I know, I know. FreeBSD is a Unix-like OS, and not a Linux distribution (commonly called a distro); just so used to titling all these diaries as Linux, so pardon me (or at least commute my sentence).
Still the hunger to try out some new and untried open source system got the better of me, and I downloaded the latest release (using Transmission, an excellent torrent client), 1.6, just to see what the deal really was. I installed the system under vmware-server, allotting 256M ram, and a bit over 2G hard drive space, just to make things more interesting.
The idea behind DesktopBSD is the same as that of PC-BSD; to make an easily installable version of the FreeBSD open source operating system through a graphical interface, coupled with a nice shiny front end to run it all on. This is significant because FreeBSD, while not that difficult to get up and running, is a considerable time hog when you want to get a modern day window manager running on it, i.e., downloading and compiling KDE from source (a huge package), with a conservative estimate being anywhere from fifteen to twenty hours just for that alone.
I have to admit that by setting up the specs so tough, that I kind of wanted DesktopBSD to choke; I'm really into the way that PC-BSD has their pbi directory set up with the install wizards, plus the ability to use the traditional ports method of FreeBSD to update your system, that I didn't want to see anything endangering that crown.
Sadly, I was let down. If anything, DesktopBSD is easier and faster to setup than PC-BSD, and the speed that it showed with so little ram was nothing less than astonishing. I pulled up Firefox, surfed over to youtube and Flash was working out of the box; opened up a BBC news story and scrolled around, and it was very smooth.
One thing sorely lacking in the install were any office suite apps of note--no open office, no abiword or gnumeric or really anything; considering that DesktopBSD is just FreeBSD with the nice desktop, and no pbi directory like PC-BSD, means that if you want open office you need to compile it from source, just like in a normal,vanilla FreeBSD.
Just to be clear: it's not some huge nightmare to compile apps from the ports; it's simply time-consuming, and if you want to get that system up and running for a friend, granny, yourself, or whoever, then half a day is not acceptable for some of the larger packages. That is, many hours for each and every package that you want to install. It's a relatively simple set of commands to issue in the command line, and both PC-BSD and DesktopBSD have a nice graphical interface for using the ports tree to download and compile packages, as both systems are FreeBSD (6.1 for PC-BSD 1.3x, 6.2 for DesktopBSD); you can do it, I can do it, granny likely could do it, but who has the time?
This is not some 'FreeBSD will be ready for the desktop when..' type of observations; I have FreeBSD 6.2 install CDs, and if I wanted to take the time, I am certain I could get them up and running. It's a bit like the argument that adherents of Gentoo make when they say how they can compile a system that fits their machines exactly--Gentoo using a similar package handler called the portage system; while that is without a doubt correct, getting to that lean, mean machine takes a heck of a lot of time, time better spent (at least in my case) trying out new distros and writing about them, from the perspective of a new and still relatively inexperienced person in the open source world.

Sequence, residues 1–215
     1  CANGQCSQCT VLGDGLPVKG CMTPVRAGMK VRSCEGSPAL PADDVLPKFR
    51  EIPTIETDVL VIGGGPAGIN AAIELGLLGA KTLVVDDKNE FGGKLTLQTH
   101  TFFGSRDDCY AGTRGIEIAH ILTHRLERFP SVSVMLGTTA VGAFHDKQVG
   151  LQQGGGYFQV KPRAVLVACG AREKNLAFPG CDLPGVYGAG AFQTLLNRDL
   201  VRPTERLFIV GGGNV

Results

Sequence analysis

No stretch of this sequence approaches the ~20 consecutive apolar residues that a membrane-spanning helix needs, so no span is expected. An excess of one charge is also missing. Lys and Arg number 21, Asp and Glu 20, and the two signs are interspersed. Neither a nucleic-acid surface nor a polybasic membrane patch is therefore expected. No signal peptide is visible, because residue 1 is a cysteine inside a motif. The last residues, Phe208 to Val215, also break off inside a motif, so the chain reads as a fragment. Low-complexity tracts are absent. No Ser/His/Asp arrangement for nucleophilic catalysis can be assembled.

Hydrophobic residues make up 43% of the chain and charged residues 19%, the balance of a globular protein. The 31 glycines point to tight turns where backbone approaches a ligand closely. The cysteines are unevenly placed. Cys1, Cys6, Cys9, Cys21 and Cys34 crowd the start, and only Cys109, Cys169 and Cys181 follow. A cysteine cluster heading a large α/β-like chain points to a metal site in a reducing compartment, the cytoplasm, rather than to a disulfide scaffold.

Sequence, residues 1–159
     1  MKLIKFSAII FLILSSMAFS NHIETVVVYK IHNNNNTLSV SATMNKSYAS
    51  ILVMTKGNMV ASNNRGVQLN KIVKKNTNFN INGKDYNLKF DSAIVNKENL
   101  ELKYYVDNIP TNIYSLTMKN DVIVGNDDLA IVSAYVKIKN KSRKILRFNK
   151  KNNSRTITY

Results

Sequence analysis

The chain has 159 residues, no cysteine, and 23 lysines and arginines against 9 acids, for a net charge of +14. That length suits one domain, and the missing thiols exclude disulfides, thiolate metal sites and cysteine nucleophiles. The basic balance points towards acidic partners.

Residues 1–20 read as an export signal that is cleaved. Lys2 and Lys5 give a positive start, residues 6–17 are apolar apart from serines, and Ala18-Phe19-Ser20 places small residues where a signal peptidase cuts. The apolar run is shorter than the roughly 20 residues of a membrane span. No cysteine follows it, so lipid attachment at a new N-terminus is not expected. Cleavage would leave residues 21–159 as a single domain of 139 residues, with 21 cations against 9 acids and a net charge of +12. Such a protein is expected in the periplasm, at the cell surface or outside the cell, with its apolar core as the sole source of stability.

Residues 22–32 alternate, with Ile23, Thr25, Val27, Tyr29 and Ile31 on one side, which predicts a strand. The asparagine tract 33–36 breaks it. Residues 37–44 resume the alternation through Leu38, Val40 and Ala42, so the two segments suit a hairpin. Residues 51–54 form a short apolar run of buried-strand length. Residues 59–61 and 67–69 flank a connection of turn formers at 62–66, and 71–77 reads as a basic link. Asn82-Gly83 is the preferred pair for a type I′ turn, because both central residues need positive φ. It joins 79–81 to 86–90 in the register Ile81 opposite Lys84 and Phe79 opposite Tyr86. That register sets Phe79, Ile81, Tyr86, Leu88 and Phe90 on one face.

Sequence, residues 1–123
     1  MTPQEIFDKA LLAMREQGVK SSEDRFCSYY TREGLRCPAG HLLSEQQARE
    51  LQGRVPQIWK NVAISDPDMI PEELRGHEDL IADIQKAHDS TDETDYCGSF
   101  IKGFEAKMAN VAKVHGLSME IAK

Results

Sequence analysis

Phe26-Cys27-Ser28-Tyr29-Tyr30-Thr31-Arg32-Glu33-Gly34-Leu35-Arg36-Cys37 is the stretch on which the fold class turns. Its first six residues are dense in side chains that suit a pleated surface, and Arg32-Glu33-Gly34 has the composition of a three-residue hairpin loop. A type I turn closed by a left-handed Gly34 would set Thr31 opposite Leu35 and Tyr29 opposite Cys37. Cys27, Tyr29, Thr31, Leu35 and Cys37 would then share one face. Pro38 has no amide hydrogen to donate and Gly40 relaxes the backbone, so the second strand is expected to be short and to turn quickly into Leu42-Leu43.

Update: apparently, you can install a pre-compiled package of a window manager for just straight up vanilla FreeBSD, but then I am as newb as newb can be when it comes to FreeBSD or any of the BSDs. My mistake, and thanks to commentator farmergiles below. You folks always save me from my worst mistakes, and I usually learn more from the comments than I do from installing (or trying to install) these various projects. Cheers!
Does the system have the ability to do what I want it to do without a huge amount of effort, those things being: playing music, surfing the web (Flash included), using email, watching vids, and a bit of eye-candy thrown in, or at least some of the shiny on a slower machine? If the answer is yes to those simple requirements, then we have a winner, and a system that I want to install to my machine. Joe Sixpack/Average User can use Windows Vista if that is what is best for him, and I'm none the worse for wear.
And PC-BSD, with the ability to do both the traditional compile from source, as well as offering the packages through their nifty pbi directory has DesktopBSD beat in this category. Make no mistake, DesktopBSD is an excellent system that offers all the strength and flexibility of a vanilla FreeBSD setup with a huge time savings, it's just that PC-BSD is that brilliant, and in comparison, there simply is none.
Well, this is just too good to pass up: it seems that the MPAA set up a site (actually their proxy MediaSentry did so) to nab copyright infringers; the insult of insults--no Linux client. The 'client' you download installs some spyware that scans your hard drive for copyrighted material, then phones home, all without telling you. Sound familiar? Yeah, I thought so.